Tunapost 3: laughter in the ambient light

Mid way through our second ten out of twelve. The company is in good spirits. The zany energy of the play has infected us all, and even the ridiculous six-second costume changes don’t get us down. John and I frequently come off stage and look at Jess and Angela in a panic, having no idea who we’re supposed to be changing into. The girls tend to steer us into our next costumes and position us for our entrances. John is finding some comic gold, especially with two of his drag performances: Charlene and Vera. I struck my own gold as R.R. yesterday, when I chased a “U.F.O” lighting effect around the stage like a deranged house cat. Leonard Childers is so fat I resemble a Macy’s Day parade blimp, and Bertha’s buns are padded right down the backs of my thighs. I display said buns prominently at my first Bertha entrance. For the first time today, I got through the Rev. Spike’s eulogy without calling for a line. I’m not saying I got ’em all right, I just didn’t ask for ’em.Greater Tuna is the kind of play looked down on by the theateratti. It is low-brow comedy in the best American tradition: populist, self-effacing, uncomplicated in its message. There is barely a plot – it’s really a series of comic sketches loosely strung together through the conceit of a day at the local radio station. Its value lies in the performance of it, and so it claims its place as pure comic theatre along the lines of commedia dell’Arte, successful only if a talented enough company can bring it to life, meeting the transformational challenges it presents with brio. I hope we are up to it. I sense we are, but we will learn a lot as we add audiences in previews next week.

The Walnut Street theatre, which is producing this production, is Philadelphia’s great populist theatre. Long sneered at by our local theateratti, it has never-the-less maintained the most robust subscription base of any local theatre. It thrives by knowing who its audience is, giving them what they want and doing it well – at least well enough that the theatre remains fiscally sound. I sneered at the theatre myself when I arrived I arrived in town some thirteen years ago. I raised my nose at its consistent menu of American musicals and “old chestnuts”. But as I have matured, my nose has lowered and my perspective has shifted. I now admire this theatre for being what it is unapologetically, and am grateful for the work I have been offered here (three shows in four years). Interestingly, Greater Tuna is a collaboration between one of Philly’s most outrageous theatre artists (Madi diStefano, our director) and its most conservative theatres, in terms of play selection. Madi is founder of Brat Productions and well-know for both her direction of gritty, site-specific Conor McPherson plays in local bars, as well as her theatrical performances in her own plays, Popsicle’s Departure and Sweetie Pie. But she has made a useful alliance with Walnut Street, having appeared in at least one of Neil Simon’s Broadway Bound plays here. Bernard Havard, the artistic director here, has taken a shine to her, and I remember being in auditions watching the two them – Bernard in tweedy British jacket-and-tie style and Madi in post-punk black leather and bleached white hair – and laughing inwardly at the pair they make.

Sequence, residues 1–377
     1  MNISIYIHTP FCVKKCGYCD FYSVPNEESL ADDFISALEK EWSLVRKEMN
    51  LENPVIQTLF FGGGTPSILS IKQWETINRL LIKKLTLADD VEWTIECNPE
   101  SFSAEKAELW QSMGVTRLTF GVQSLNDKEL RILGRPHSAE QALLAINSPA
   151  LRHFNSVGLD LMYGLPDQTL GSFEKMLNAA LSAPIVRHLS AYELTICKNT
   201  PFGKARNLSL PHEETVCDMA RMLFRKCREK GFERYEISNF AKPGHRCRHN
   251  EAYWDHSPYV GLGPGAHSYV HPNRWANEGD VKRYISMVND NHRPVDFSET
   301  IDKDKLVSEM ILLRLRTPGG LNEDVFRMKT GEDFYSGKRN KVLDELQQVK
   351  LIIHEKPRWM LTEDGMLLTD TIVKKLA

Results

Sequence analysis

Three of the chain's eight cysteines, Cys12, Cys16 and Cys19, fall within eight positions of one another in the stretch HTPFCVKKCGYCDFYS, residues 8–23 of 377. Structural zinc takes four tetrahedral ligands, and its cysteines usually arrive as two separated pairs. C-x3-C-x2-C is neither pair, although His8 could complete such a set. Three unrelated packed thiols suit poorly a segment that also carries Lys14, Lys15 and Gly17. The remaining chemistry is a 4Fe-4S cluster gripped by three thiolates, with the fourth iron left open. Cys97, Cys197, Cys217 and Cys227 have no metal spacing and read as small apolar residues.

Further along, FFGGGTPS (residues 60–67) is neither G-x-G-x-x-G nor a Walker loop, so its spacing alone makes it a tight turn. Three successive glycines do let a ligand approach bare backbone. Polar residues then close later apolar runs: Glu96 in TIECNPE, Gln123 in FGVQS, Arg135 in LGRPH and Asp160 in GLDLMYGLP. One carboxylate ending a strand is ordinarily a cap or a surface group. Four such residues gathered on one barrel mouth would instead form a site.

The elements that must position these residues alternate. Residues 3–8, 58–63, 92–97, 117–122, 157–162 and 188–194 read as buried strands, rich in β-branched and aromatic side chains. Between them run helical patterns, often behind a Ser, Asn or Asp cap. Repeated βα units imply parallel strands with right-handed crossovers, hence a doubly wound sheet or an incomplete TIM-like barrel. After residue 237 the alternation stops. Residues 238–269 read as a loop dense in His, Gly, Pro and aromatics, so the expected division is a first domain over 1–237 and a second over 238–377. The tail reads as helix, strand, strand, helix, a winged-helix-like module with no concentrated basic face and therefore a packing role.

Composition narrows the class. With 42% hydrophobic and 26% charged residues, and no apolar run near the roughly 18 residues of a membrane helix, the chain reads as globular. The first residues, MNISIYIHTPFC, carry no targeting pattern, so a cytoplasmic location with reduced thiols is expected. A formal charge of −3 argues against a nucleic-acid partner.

Tonight, peering out from backstage during a break, I took in Madi and our designers sitting in the dark house, their faces lit by the pale ambient light of computer screens and small note-taking lights. Each is doing what they love, I thought, and isn’t that a measure of success? I am particularly fond of Elisa’s costumes (all 20 of them) and Christopher Coluccci’s sound design. He’s picked some great southern rock for accompanying music, and given us a variety of goofy sound effects to use as Thurston and Arles in the radio station. Turning my head, I saw Jess and Angela scurrying around and getting the next change set up, and John dressed half in Petey and half in Arles. I felt proud to count myself one of them: an artist at work, hell-bent on making people I don’t know laugh as much as possible.

I long for an end to the snooty judgments. But as I have written here before, I fear our academic institutions are too deeply invested in passing judgments, and they pass on that tendency to the students they instruct. And so we get a division along an ancient fault-line: on one side the academic intellectual aesthetes, on the other the populist, pragmatic workers. For years I have been trying to live on both sides of that line simultaneously, and the result has been a certain amount of stress and academic professional disappointment. It’s as if I am being led again and again away from colleges and universities, led backstage and into costumes and out in front of audiences. But I am stubborn and head-strong. I refuse to leave my students. I refuse to believe I can’t have it both ways. There must be a way to lift up Greater Tuna next to Antigone and say “both/and” rather than “either/or”.

Making people laugh is serious business. Indeed, in this wounded war-torn world, one might argue it is more urgent than the business of making people cry. So just watch it if you lift your nose at me about Greater Tuna. I just might poke it.